To determine the partial pressure of a specific gas “X” in a mixture, we use the following formula:

Px = (nx/nhh) × phh or Px = (Vx/Vhh) × Phh

In English, the translated text with HTML code intact would be:


  • Px: Partial pressure of gas x.
  • nx: Number of moles of substance x.
  • nhh: Number of moles of the mixture.
  • Phh: Pressure of the mixture.
  • Vx: Volume of gas x.
  • Vhh: Volume of the gas mixture.

Excess Pressure (Relative Pressure)

The relative pressure at a position is the pressure exerted by neighboring particles on that point.

For example, when measuring the pressure of a compressed gas cylinder, water pipes, etc., the pressure displayed on the pressure gauge is the relative pressure of that substance in the system.

Absolute Pressure

As you know, on the Earth’s surface, atmospheric pressure always exists (as mentioned at the beginning of the article), so when considering the pressure of a system, flow, device, etc., we need to add the atmospheric pressure to the relative pressure at that time and position. (Standard for imperfect vacuum environments)

P = Pd + P0

  • P: Absolute pressure
  • Pd: Excess pressure
  • P0: Atmospheric pressure.

Permeation Pressure

According to Wikipedia, Permeation Pressure is the minimum pressure required to apply to a solution to prevent the flow of the pure solvent through a semipermeable membrane towards the solvent-containing solution.

Static Pressure

Static pressure is fundamentally understood as the pressure that is uniform in all directions, corresponding to the pressure caused by a liquid when the liquid is not in motion.


P = p0 + ρgh


  • P0: Atmospheric pressure
  • ρ: Density of the fluid
  • g: Acceleration due to gravity
  • h: Height at the point where pressure is measured relative to the liquid surface.

Conversion between different units of pressure

Surely, during your studies and work, you have encountered various units of pressure.

Even pressure measuring devices are designed with different pressure ranges, as each country typically uses different units of pressure.

Considering the practical conditions in Vietnam, due to the limited development of science and technology, a wide variety of machinery and equipment must be imported, not only from one or a few countries but from many different countries.

Therefore, there are also many applied units of pressure in our country. In addition to the common units mentioned at the beginning of the article, we also have units that are powers of 10 of the basic units.

For example: Pa, kPa, MPa,…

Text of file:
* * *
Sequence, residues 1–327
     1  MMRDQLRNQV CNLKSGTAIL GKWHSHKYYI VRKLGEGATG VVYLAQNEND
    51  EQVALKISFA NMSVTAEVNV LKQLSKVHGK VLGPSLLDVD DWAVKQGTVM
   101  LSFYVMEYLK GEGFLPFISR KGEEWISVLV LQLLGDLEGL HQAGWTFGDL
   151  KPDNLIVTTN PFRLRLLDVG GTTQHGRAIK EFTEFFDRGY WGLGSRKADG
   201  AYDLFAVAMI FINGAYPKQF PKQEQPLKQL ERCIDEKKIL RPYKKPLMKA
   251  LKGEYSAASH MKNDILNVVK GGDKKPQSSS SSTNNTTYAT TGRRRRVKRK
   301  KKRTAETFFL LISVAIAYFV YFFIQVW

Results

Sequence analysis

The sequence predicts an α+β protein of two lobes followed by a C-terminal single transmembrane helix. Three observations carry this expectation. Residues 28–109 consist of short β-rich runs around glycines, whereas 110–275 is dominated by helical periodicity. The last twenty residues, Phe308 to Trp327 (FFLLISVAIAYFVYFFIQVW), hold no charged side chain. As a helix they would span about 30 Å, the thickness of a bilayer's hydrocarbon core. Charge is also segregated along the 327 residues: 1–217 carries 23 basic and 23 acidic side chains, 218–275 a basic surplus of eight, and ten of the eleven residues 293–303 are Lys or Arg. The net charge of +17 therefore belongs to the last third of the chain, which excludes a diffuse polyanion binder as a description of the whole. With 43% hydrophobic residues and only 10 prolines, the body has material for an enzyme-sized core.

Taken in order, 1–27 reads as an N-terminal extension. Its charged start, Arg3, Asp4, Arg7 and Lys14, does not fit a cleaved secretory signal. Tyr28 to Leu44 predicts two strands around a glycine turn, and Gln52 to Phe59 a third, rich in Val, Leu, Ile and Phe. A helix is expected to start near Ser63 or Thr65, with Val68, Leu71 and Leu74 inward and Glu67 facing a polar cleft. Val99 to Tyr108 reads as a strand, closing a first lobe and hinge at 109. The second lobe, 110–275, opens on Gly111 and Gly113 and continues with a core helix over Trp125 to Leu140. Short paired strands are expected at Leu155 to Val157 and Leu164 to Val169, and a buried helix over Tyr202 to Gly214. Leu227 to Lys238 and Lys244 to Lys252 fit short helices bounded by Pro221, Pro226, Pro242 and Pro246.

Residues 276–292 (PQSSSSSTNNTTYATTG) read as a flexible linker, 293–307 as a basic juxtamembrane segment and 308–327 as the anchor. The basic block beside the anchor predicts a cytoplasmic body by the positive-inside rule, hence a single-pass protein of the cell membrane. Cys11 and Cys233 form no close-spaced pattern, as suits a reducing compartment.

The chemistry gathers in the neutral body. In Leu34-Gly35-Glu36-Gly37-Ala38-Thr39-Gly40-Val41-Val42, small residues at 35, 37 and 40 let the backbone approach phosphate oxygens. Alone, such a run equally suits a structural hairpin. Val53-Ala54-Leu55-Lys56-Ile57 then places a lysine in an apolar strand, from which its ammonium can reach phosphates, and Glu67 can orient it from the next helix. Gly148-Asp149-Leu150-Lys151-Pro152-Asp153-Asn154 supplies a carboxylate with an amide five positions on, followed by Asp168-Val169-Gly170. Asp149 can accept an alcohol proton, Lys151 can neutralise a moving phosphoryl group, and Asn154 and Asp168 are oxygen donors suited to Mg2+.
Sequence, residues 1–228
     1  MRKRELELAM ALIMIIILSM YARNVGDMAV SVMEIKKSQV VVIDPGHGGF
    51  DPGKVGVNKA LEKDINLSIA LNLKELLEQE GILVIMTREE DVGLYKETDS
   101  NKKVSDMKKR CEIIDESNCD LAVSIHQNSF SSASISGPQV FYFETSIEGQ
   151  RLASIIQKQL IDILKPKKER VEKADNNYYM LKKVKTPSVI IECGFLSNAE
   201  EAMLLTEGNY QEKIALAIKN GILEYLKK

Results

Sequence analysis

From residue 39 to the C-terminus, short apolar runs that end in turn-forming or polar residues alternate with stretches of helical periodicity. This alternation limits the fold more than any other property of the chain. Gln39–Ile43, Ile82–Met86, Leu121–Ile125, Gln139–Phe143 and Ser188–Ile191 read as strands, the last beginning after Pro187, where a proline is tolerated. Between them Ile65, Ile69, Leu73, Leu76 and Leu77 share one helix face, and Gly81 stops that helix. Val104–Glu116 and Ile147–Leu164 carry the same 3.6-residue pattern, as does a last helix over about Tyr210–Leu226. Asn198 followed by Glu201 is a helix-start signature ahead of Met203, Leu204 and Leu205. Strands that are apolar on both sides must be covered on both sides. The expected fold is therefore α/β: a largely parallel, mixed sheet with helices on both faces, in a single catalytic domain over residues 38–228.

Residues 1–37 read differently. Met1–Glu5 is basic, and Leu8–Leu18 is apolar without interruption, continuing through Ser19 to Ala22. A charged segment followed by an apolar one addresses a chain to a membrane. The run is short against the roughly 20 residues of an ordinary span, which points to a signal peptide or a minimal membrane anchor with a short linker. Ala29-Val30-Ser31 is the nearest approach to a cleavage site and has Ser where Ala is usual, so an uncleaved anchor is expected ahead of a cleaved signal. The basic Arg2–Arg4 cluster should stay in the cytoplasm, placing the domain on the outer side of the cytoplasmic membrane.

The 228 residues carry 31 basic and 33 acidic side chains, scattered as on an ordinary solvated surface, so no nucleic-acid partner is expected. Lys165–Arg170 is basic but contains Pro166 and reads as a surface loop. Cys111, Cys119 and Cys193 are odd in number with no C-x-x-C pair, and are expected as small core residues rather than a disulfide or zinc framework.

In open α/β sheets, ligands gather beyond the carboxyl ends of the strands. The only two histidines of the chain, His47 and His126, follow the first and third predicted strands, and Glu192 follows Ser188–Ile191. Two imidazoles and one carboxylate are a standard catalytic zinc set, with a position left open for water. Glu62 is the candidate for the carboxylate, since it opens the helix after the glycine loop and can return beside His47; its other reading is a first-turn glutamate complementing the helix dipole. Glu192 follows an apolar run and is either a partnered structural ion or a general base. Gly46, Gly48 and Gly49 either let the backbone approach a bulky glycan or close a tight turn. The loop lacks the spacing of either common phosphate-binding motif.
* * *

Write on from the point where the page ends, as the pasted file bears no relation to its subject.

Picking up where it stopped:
Below are some formulas for converting units of pressure, or you can also refer to the pressure conversion table for more comprehensive information.

  • 1 bar = 100 kPa
  • 1 bar = 1.02 kg/cm2
  • 1 bar = 0.99 atm
  • 1 bar = 14.5 PSI
  • 1 bar = 750 Torr.
Conversion between different units of pressure
Conversion between different units of pressure

The role of pressure in daily life

Pressure is always present around us, but because we are so accustomed to its presence, we often do not pay attention to its existence.

To better understand the importance of pressure, let’s explore some fields related to pressure.

In medicine:

  • Blood pressure, which refers to the force of blood acting on blood vessels (commonly known as blood pressure), is a crucial indicator. If it is too high or too low, it can affect human life, and doctors also rely on blood pressure to diagnose diseases.
  • If you have ever seen cardiopulmonary resuscitation (CPR) methods, you know that they are also closely related to pressure (this article does not delve into medical aspects, so we won’t discuss it in detail).

In mechanical engineering:

  • The operation of machines using internal combustion engines is also related to the variation of pressure in the combustion chamber.
  • Pressure plays a role in various devices such as vacuum pumps and many other types of machinery.

In meteorology:

  • Pressure is a very important parameter in weather phenomena. Differences in atmospheric pressure can cause various weather conditions, and significant differences can lead to extreme weather phenomena.

These are just a few basic examples of the role of pressure in some important fields that directly impact human beings. Naturally, the role of this physical quantity covers almost all aspects of life.

Note: The above translation assumes that the HTML code is not intended to be displayed as code, but as formatting or layout instructions.

Pressure Measuring Devices

Understanding the importance of pressure in engineering, physicists and inventors have long been concerned with the pressure that devices must withstand during operation. In order to monitor pressure in various scenarios and serve research and calculation purposes, the pressure gauge was invented.

According to Wikipedia, the first pressure gauge was created by Gasparo Berti (1600-1643), an Italian mathematician, astronomer, and physicist. It was a mercury pressure gauge constructed between 1640 and 1643.

Over time, the pressure gauge has been improved and developed with various shapes and sizes, gradually becoming more refined. Now we have devices such as pressure gauges, U-tube manometers, blood pressure monitors, and more.

Modern pressure measuring devices have been enhanced in terms of accuracy and the ability to work under vibration, wider temperature ranges, and higher working pressure ranges. They integrate multiple pressure measuring units into a single product.

Although they may have different shapes, features, and application areas, they all share a common basic principle.

Pressure Gauge
Pressure Gauge